This is the second staging of "Angels" I've seen, following Papermoon's January 2008 production. The comparison between the two is surprisingly close, with both having different strengths. But either way, the audience wins. For this production, the design is simple yet cunning - a tiled area that can be cleaned, and into which the various characters can move through and meet and combine. The production respects Kushner's intent that the mechanisms of the magic should be visible and at the same time, the magic should astound - and in the finale of Part I, a combination of sound, lighting and stage effects comes together for something spectacularly brilliant that ... well, you just have to see it to believe it. On a pure spectacle level, it's the grandest thing I've ever seen on the Belvoir stage. Just thinking of the terrifying sound of the wings ... goosebumps. And the simple effect of having the characters throw glitter to show appearances and disappearances from visions is brilliantly delployed, every time showing something about the character - whether spectacular, business-like, or befuddled.
Fortunately, the performances are also incredibly impressive. Amber McMahon's Harper is a combination of great line readings, wide eyes and pure, soulful confusion as the world becomes increasingly incomprehensible. Marcus Graham's Roy Cohn is spectacularly evil, the best I've ever seen him, slithery, demanding, and raging against his inevitable death. Robin Nevin manages to create five different characters each with their own personalities - the quietly confused rabbi, the stern doctor, the adaptable-to-circumstances mother, the matter-of-fact ghost and the ancient Bolshevik. DeObia Oparei is compassionate, funny and brings the rage as the nurse Belize. Luke Mulliins as the hero of the evening is so heartbreakingly vulnerable, angry, passionate, broken, yet ultimately the strongest person on stage. Paula Arundell's gorgeous voice brings forth the Angel in all her glory. Mitchell Butel brings neurosis, an ability to spew forth Kushner's longest and most tangled political polemics, a buttload of guilt and some smooth and stylish dance moves to the incredibly frustrating Louis. Ashley Zuckerman brings Joe's white-bread-all-american-boy charm, increasing wide eyed as he realises where his inner desires will lead him.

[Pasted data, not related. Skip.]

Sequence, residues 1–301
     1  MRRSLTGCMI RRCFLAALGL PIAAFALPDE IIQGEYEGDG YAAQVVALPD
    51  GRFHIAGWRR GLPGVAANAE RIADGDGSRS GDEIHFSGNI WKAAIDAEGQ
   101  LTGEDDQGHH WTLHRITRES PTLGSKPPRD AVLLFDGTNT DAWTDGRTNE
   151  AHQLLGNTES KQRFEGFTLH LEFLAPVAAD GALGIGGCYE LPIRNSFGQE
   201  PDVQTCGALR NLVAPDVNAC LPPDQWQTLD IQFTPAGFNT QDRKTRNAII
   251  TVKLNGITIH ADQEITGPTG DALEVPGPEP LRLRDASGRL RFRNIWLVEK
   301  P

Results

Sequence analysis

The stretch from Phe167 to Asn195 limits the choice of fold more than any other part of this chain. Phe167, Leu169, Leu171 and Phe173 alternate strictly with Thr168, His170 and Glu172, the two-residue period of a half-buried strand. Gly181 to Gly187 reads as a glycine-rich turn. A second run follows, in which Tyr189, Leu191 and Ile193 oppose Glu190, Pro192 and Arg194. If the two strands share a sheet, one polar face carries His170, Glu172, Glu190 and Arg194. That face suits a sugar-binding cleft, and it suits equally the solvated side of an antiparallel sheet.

Seven hours worth of theatre may feel like a long stretch but this is plentifully positioned with intervals (only the first act of part II feels a little elongated) and is constantly compelling. Much praise to director Eamon Flack and his production team, this is truly epic theatre done epicly.